In my opinion, anyone who claims that there is a universal and simple cure for jet lag is naive, misinformed or dishonest. There is no such cure. No remedy, application or device is yet capable of eliminating jet lag, especially if you take into consideration the fact that it differs whether you travel eastwards or westwards and depends on the number of times zones you cross. I am confident though, that finding a cure is only a matter of time.

But what can be done in the meantime? The problem is more complex than it looks, but there are a lot of things that can already be done to help you beat jet lag if you are affected by it.

This book first provides scientific explanations on the jet lag phenomenon. It then covers no-nonsense tricks, bright light, melatonin, sleeping pills and stimulants. It breaks the issue of jet lag down into 23 distinct time zone situations and provides individual solutions for each of them.


Dear readers,

The book can already be ordered on:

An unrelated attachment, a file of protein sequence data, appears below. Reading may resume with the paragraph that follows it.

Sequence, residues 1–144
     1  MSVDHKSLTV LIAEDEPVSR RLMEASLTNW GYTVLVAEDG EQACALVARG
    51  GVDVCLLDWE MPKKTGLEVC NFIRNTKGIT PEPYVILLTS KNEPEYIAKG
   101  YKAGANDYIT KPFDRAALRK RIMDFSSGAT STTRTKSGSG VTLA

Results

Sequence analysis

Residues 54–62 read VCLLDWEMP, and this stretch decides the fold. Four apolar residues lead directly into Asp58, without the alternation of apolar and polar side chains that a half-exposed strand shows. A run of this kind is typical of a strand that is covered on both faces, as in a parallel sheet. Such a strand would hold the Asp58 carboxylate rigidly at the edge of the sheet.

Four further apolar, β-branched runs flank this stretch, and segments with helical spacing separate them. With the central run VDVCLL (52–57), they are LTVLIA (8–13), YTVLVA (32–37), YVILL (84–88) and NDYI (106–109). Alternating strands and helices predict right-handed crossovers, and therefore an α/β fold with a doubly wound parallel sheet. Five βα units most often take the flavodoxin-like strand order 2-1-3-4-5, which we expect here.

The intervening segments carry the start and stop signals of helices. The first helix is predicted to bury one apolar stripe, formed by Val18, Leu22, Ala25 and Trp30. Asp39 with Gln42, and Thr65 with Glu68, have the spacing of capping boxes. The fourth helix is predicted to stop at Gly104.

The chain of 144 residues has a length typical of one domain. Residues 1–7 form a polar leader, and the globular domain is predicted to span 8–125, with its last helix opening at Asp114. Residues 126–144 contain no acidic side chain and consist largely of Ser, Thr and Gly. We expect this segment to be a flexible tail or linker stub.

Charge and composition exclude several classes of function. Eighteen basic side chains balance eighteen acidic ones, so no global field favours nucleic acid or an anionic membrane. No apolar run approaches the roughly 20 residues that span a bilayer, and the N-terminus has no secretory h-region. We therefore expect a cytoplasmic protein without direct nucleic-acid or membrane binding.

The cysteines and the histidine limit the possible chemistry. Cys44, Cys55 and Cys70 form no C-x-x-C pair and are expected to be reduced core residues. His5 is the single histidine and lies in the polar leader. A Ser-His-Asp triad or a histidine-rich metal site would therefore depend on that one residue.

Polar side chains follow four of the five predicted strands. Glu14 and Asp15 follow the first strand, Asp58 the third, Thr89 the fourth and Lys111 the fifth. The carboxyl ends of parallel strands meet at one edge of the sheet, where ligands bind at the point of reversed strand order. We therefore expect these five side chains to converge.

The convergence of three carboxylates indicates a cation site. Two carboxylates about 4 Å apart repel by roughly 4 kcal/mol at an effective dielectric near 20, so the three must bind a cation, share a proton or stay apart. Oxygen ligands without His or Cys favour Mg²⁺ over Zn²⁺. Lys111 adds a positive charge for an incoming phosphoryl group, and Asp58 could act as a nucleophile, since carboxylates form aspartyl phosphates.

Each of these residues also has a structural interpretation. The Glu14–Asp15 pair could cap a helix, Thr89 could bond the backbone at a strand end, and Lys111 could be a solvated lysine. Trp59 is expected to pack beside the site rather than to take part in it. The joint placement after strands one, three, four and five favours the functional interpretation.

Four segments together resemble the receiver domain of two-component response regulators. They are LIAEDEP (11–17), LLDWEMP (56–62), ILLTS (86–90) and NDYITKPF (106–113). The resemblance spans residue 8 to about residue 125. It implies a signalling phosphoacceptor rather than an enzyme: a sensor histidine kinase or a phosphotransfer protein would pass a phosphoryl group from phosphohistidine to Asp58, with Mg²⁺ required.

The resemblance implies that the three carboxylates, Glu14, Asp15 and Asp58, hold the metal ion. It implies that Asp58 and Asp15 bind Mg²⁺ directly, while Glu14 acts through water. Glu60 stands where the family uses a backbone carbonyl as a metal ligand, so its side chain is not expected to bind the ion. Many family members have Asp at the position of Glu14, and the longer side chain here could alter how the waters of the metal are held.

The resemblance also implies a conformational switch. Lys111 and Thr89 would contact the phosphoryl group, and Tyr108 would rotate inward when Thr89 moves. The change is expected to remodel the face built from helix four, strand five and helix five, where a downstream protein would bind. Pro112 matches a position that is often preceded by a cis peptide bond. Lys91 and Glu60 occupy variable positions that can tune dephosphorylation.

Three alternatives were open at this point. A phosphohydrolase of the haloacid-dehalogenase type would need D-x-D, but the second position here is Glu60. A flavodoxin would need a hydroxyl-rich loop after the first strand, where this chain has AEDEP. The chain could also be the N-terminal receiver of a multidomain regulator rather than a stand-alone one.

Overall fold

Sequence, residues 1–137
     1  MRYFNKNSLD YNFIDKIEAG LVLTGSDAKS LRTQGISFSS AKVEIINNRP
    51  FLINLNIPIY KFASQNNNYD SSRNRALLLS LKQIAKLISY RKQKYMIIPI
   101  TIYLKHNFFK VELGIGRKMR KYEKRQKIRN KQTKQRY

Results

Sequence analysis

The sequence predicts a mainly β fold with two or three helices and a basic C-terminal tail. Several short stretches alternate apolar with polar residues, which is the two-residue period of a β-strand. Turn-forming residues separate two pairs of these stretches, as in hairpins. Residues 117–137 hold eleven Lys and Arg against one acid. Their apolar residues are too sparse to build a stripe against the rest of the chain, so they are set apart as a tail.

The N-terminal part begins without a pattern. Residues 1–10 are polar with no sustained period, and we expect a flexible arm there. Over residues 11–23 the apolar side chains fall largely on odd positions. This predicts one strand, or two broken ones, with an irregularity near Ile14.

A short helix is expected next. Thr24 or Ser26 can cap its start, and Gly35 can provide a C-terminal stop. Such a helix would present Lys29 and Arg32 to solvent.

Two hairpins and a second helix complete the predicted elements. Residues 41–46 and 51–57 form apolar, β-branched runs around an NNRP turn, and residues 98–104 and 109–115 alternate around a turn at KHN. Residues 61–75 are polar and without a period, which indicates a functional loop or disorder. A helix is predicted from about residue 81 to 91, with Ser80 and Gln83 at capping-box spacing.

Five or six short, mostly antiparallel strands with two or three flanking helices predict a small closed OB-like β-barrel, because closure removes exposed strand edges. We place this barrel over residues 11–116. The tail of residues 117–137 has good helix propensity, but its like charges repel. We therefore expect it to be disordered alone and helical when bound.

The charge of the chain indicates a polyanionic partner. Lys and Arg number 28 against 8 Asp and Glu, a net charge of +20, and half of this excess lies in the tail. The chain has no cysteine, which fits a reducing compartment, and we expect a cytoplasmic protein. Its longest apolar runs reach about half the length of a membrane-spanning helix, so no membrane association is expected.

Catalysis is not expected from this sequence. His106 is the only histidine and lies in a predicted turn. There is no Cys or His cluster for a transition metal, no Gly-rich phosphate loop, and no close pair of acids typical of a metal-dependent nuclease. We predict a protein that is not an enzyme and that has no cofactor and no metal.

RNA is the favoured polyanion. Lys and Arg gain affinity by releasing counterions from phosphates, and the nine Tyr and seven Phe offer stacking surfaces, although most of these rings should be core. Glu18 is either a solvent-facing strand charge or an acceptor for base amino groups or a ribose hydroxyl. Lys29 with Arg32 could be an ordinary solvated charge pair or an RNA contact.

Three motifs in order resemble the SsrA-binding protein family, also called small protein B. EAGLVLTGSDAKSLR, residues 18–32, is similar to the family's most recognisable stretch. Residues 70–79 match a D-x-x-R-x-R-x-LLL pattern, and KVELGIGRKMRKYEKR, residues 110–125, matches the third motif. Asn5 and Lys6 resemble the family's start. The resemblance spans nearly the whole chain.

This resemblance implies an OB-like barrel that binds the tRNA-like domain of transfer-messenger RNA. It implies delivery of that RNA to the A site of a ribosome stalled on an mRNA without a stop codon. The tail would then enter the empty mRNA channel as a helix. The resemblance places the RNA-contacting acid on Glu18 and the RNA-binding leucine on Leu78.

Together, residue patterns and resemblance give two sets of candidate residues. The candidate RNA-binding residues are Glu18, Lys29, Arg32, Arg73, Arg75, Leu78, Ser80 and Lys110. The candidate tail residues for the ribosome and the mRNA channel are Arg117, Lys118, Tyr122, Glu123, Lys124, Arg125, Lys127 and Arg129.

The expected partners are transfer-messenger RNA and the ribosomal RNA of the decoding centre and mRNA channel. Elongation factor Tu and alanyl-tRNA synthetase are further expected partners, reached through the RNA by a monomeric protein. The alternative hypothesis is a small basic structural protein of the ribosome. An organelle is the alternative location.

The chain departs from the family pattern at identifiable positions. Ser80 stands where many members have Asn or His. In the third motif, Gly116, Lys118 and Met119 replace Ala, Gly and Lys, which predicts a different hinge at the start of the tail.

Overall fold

It will also be soon available for sale on Elsevier.




pictureAs well as pursuing an already long career as a clinical psychiatrist and Head of the Department of Psychiatry at Tivoli Hospital (La Louvière, Belgium), Olivier LE BON, MD, PhD, is a lecturer (maître d'enseignement) at the Université Libre de Bruxelles (Belgium). In collaboration with colleagues from Europe as well as North and South America, he has studied several fields of psychiatry, neurophysiology and sleep, publishing more than 80 scientific papers. The subject of his PhD was biological cycles and in particular the alternance of REM and NREM sleep cycles in humans, rats and mice. He pioneered research on the role of ultra-slow wave sleep in clinical fields, such as chronic fatigue. He has also published significant papers in the fields of alcoholism, addiction and personality. He is a globe-trotter, too, having visited more than 60 countries around the world.